Around the Purbecks (Dorset)

This 46-mile day tour is recommended by Jack Thurston, in his cycling guide ‘Lost Lanes West‘. It is the second tour from the book that I have ridden (I described my first – Hardy’s Hills – in an earlier post). The Dorset coast is a varied landscape, combining geologically-stressed rockforms with green valleys full of pastoral activity.

This tour of the Purbecks takes the up-and-over approach to a number of steep-sided hills, with one notable elevated section – Povington Hill – offering extensive views of the ‘Jurassic’ coastline, from Poole Harbour in the east to Portland and Chesil beach in the west.

The ‘Lost Lanes West’ book includes links to online resources for each tour, including .gpx files that you can download to your phone or sat nav, plus printable route cards and overview maps. This was the first time I had used Komoot for navigation, downloading the .gpx file to my cheap and cheerful Nokia 1 (possibly one of the cheapest ways to get a 4.5″ colour screen sat nav).

The route starts in Wareham, striking south-west towards Swanage. You are soon crossing heathland, on the only ‘off-road’ section of the tour. This continues for about a mile or thereabouts, of which only a couple of hundred metres of soggy grass were enough to defeat my Brompton’s tyres (it would probably be fine in the summer, but this was in late December). Fortunately, Bromptons benefit from the latest push technology, so that’s what I did.

Heading across Rempstone Heath
Heading across Rempstone Heath (also National Cycle Route 2)
Rempstone Heath before the going became a little soft
Rempstone Heath before the going became a little soft for my Brompton’s tyres

There is no mention – in either the book or the route card – of the views you obtain of Poole Harbour, about nine miles into the tour. In the summer an ice cream van is usually stationed at the viewpoint, but I suspect that trade in December is commercially unviable! I was last stood on the same spot a few months earlier, when I had cycled around Poole Harbour – it was nice to connect the two tours together, if only for the short section of minor road that was common to both routes.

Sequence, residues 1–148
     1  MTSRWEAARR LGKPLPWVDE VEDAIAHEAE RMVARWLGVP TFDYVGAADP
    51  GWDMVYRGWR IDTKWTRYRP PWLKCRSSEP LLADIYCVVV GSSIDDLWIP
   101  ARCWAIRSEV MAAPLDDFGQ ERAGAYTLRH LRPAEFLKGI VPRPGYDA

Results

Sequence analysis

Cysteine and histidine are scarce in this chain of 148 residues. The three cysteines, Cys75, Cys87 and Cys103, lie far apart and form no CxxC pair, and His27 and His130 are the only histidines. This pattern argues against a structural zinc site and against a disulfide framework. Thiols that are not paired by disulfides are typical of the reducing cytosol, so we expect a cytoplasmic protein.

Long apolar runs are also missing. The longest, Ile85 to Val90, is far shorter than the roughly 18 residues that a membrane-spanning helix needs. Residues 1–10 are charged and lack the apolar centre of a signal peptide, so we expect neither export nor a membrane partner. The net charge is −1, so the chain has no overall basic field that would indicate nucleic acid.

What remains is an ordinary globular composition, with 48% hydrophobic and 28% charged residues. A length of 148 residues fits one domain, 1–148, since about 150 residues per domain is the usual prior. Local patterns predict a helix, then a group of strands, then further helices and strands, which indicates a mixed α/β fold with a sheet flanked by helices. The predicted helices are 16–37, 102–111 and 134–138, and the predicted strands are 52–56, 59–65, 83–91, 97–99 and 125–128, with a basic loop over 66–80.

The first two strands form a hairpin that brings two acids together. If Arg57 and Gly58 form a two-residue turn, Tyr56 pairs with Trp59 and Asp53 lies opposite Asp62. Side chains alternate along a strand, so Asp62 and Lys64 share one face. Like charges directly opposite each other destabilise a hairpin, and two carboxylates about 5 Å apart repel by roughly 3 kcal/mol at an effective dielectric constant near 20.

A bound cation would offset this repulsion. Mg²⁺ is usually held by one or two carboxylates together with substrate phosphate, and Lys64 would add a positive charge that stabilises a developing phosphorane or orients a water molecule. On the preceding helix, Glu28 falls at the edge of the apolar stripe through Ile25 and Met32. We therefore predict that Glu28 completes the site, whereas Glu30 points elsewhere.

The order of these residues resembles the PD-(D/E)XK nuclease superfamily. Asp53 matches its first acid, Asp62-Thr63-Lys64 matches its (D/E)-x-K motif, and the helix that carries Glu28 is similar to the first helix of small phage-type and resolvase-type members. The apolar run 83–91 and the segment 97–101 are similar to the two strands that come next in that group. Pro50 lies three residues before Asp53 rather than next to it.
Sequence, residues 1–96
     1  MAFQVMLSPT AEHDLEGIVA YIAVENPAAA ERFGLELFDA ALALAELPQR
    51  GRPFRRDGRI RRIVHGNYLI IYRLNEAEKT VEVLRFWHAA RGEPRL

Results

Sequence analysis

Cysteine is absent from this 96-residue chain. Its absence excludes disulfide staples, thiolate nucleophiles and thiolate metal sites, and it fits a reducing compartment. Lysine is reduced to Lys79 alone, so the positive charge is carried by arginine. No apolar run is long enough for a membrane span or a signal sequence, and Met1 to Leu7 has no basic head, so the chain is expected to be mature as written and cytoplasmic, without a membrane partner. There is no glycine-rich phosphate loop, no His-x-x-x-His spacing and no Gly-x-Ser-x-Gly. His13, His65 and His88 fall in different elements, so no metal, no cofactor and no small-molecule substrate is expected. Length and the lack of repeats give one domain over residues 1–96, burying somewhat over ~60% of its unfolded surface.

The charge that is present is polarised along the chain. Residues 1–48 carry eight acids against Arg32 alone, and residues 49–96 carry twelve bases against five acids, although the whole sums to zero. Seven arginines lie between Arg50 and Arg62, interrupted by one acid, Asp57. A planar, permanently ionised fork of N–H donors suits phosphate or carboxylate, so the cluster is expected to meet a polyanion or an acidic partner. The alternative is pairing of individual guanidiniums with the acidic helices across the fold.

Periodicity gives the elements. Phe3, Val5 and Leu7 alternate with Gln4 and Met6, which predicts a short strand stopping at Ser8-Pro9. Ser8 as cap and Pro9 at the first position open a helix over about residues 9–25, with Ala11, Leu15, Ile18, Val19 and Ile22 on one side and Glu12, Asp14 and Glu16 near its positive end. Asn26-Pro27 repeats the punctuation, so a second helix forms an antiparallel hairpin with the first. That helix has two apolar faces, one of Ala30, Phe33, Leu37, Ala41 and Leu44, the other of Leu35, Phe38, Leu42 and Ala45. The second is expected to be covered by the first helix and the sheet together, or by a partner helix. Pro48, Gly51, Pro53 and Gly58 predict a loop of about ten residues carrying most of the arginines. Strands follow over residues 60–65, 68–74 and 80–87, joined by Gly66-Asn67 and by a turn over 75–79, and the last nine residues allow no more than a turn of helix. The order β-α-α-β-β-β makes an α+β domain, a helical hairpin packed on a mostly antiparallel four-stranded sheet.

Looking north-east across Poole Harbour
Looking north-east across Poole Harbour

I enjoyed being guided along minor roads, in what was a near circumnavigation of Nine Barrow Down. I spotted the steam of the Swanage Railway locomotive down in the valley to my left, while at the same time doing my best to avoid potholes in the road.

The Swanage steam railway
The Swanage steam railway
Corfe Castle from across the Swanage steam railway tracks
Corfe Castle from across the Swanage steam railway tracks

The climb out of Corfe Castle is gradual, bar the last sting in the tail to gain the top of Povington Hill, from which the views east and west are superb. I recommend stopping at Whiteways viewpoint, from which you can also see the cliffs at Kimmeridge, which is halfway between Swanage and Lulworth Cove.

Kimmeridge cliffs (middle of picture) from Povington Hill
Kimmeridge cliffs (middle of picture) from Povington Hill
Lulworth Cove
Lulworth Cove

Lulworth Cove is somewhat of a tourist trap, but avoids being too tacky. West Lulworth, set back from the sea, is the more picturesque. Geology geeks could spend a day here and not get bored.

Rock folding and erosion at Lulworth Cove
Rock folding and erosion at Lulworth Cove
West Lulworth
West Lulworth

The climb out of Lulworth Cove is sustained, especially if you’re still digesting a good lunch. A final climb awaits you north of Chaldon Herring (Jack Thurston describes it a ‘short and sharp’, which it most definitely is). When you reach the top, the majority of the remaining route can be traced out in the lowlands to the north, which are now spread out in front of you.

Moreton tea rooms, which used to be the village school, provides a suitably decadent tea stop, about ten miles from the end of the tour. This is a favourite destination for cyclists riding out from Bournemouth and Poole, although on a Saturday afternoon in late December I seemed to be the only patron recently arrived on two wheels (in the summer, the tea room’s garden is a pleasant place to sit and watch the world go by, hopefully warmed by the sun).

Jack mentions that a track on the other side of the ford can be followed to Clouds Hill, which was TE Lawrence’s precious bolthole – a sanctuary of calm away from public gaze – before he was killed in a motorcycling accident on local roads. However, do be aware that this would be a diversion from the Around the Purbecks tour, not a section of it (one of the other tours in the book does go past Clouds Hill).

The remaining miles of the tour are on easy-rolling roads and very pleasant, passing picturesque streams, fields and farms, eventually returning you to Wareham.

When I stopped I was delighted to see that, in the five-and-a-half hours that I had been on the move (of which about four hours had been actually been spent cycling), my phone’s battery had only dropped from 100% to 57%, even though Komoot had been running the whole time. Impressive.

In conclusion, this was a very pleasant day out, with plenty of variety in the scenery, enabling anyone completing it to obtain a good feel for the geography and geology of coastal South Dorset, and the Isle of Purbeck in particular (Purbeck isn’t actually an island, but the geology of the area and its coastline give it a distinct island feel).

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